There are nine or so main types of icing/decorating tips, with each type having different sizes available. This week’s blog will take a look at the types tips and what they may be useful for – or how they could be used.
It’s handy to have two or three of the most used nozzles (ie. round, star) in the same size so you don’t have to worry about wasting icing and washing bags when changing colours. All standard size decorating tips can be used with a coupler.
A coupler is a two-piece plastic device that fits onto your decorating bag and holds the decorating tip in place. It’s great for when you want to change decorating tips without changing bags, such as when you are using different tips with the same colour icing. The coupler base goes inside the cut piping bag to hold the tip in place, while the coupler ring twists around the base on the outside of the bag to attach the tip. Just twist off the ring to change tips. It is important to keep tips clean and free from built up or crusted, old icing for crisp, neat piping. Metal tips that don’t dry properly may rust, so it is important to take good care of them – they will last a very long time if you do.
Round tips are used so frequently it is practical to have a wide variety of sizes on hand. This smooth, round nozzle is an essential in decorating as it can be used for outlining, writing, flooding, line work, stems of flowers, swirls, dots, balls, lacework…and the list goes on! They are even great in large sizes to quickly apply frosting to cupcakes in neat swirls.
Star tips come in two different types – open or closed. They can be used for decorative boarders, star flowers, rosettes, shells and for piping coloured icing onto a 3D sculpted cake; like a bear or car. Like round tips, large star tips can also be used to top cupcakes with mounds of frosting in a number of ways. The beautiful rose swirls on cakes and cupcake are achieved by using a large star tip.
The easiest flower to make with a piping bag, this tip will give you a pretty blossom with just one squeeze of the piping bag…and if you add a slight twist as you pipe, it will give you a different looking blossom with the same tip. The number of openings in the tip is equivalent to the number of petals on the flower. The post in the centre of the tip creates an empty centre and full, detailed petals.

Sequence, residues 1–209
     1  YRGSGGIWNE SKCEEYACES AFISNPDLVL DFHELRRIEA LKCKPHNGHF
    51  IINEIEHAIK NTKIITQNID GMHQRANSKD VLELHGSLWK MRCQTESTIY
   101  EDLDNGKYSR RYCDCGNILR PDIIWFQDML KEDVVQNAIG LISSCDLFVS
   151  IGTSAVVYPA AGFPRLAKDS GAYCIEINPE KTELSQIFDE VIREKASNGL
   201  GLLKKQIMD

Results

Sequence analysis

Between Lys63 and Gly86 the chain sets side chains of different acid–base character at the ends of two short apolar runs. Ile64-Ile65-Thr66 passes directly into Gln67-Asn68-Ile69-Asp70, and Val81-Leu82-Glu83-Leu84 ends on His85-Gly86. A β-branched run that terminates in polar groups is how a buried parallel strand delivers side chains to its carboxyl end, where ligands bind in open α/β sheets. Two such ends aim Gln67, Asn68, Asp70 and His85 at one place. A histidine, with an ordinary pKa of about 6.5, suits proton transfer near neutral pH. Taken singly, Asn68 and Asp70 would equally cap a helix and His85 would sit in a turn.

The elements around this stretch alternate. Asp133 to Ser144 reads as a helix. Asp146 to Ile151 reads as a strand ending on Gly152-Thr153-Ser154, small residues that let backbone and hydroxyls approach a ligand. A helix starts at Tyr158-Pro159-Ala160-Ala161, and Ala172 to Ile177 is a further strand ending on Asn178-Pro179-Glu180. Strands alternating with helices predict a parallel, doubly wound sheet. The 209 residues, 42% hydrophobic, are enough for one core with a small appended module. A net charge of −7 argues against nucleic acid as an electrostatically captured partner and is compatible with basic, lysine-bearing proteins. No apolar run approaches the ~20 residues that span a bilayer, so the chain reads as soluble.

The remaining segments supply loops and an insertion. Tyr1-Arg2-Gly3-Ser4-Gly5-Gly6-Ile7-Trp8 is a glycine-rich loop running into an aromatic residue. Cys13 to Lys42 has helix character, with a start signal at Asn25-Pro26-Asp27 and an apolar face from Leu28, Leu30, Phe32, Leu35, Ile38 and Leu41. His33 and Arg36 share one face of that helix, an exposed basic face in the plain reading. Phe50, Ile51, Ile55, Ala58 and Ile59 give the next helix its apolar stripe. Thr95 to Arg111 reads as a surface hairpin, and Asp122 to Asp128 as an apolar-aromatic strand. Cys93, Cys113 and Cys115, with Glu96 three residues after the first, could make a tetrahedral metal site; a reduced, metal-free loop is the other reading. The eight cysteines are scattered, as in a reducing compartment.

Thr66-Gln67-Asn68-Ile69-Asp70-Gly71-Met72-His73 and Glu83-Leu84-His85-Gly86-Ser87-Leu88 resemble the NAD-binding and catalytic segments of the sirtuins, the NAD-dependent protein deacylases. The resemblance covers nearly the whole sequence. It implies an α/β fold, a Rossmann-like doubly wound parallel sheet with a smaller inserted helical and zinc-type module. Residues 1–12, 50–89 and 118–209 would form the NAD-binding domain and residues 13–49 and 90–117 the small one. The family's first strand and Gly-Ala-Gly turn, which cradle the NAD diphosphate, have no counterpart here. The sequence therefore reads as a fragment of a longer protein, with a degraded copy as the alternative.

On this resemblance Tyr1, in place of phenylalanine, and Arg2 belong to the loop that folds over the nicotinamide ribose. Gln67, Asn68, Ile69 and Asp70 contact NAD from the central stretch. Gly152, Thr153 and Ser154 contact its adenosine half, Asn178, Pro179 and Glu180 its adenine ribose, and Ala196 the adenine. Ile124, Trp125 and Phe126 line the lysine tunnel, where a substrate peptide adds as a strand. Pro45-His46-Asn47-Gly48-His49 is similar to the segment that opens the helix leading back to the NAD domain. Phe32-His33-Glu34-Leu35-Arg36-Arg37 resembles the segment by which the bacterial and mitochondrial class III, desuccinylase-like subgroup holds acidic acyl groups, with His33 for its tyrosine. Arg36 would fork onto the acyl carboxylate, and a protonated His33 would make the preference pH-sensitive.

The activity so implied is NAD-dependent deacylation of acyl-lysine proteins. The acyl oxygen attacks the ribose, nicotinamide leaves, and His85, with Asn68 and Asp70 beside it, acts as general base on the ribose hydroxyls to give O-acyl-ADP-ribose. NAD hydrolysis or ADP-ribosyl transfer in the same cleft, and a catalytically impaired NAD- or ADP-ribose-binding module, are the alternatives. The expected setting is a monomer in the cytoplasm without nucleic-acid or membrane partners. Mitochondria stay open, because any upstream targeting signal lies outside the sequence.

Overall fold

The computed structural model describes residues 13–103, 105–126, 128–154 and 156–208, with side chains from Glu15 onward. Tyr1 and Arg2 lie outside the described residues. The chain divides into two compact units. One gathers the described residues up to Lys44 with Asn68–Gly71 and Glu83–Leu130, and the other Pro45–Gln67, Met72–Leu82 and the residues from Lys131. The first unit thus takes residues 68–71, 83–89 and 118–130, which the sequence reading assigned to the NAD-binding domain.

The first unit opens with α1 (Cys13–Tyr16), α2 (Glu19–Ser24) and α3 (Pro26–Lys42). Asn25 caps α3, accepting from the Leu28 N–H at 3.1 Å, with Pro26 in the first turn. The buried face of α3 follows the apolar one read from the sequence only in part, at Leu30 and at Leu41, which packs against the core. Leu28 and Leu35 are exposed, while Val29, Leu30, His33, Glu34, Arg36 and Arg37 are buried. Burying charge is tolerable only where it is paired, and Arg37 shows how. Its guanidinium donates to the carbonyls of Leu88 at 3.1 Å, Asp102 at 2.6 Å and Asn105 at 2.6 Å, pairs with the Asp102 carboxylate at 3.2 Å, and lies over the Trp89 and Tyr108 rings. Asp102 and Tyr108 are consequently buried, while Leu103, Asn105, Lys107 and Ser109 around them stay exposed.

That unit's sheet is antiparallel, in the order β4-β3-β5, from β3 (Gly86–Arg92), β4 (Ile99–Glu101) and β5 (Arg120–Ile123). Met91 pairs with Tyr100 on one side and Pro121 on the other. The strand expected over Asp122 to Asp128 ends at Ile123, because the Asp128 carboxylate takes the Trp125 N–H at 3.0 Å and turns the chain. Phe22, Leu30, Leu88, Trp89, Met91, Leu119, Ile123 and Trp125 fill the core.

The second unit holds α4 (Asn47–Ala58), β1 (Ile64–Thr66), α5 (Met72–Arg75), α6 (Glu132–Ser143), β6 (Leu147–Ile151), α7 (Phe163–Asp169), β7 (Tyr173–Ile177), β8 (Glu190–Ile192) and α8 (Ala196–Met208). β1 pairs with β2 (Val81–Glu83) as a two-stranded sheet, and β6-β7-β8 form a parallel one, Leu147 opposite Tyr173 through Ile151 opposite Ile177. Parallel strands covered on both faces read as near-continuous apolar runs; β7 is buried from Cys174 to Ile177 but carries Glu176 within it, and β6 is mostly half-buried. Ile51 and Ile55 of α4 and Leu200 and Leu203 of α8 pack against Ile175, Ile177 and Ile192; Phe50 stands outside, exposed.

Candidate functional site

Petal tips vary from having a long, tear-drop shaped tip to curved tear-drop shapes and narrow S shapes. They are wide at one end and narrower at the other. They can be used to create petals for roses, carnations, daisies, fan shaped petals and other blossoms.
Leaf tips are used to create realistic looking leaves, petals and poinsettias. V-shaped leaf tips, work well for leaves with fine pointed ends. Depending on how you hold and use the nozzle leaves can be plain or ruffled.
Basket-weave tips are wonderful for woven designs. These decorating tips have a smooth side for making smooth, wide icing stripes and/or a serrated side for making ribbed or textured, wide icing stripes. This tip is also good for ruffles, shell-like borders and ribbon effects – not just basket weaves.
Tips with multiple openings – like two or three holes, can pipe a number of parallel lines or dots at the one time. Great for saving time with an intricate design or even for getting music bar lines straight and even. A special tip in this category pipes bundles of piped lines at a time and is a great effect for hair, fur or grass.
Similar to the petal tip, the ruffle tips are tear-drop shaped nozzles that are thin, curved or keyhole-like. Good for creating ribbons, ruffles and covering cupcakes, they are also useful for boarders, edging, bows and scalloped edges.
There are several other tips that are available for various uses. The bismark tip, for example, is great for filling cupcakes with luscious, oozy centres. Chrysanthemum tips have a U-shaped tip that create long, cupped petals, and there are various other specialty tips that allow very precise, specific designs and decorations to be piped. These specialty tip pipe decorations like, hearts, crosses and trees. they are awesome to have, but compared to the other tips you might like to collect, they won’t be used as often (if you like goopy-centred cupcakes the bismark may actually be over used!)
I have found some video demonstrations on You Tube that I think show you a few good piping basics when decorating cupcakes. These are simple ‘everyone coulds have a go’ type techniques that will make your cupcakes look outstanding. They don’t show you how to make intricate piped details or piped flowers.
1. Xanthe Milton decorates cupcakes showing 3 types of piping
2. Sue McMahon (UK WW Editor) shows you how to pipe flower cupcakes (she even shows you how to make a fondant/flower paste butterfly)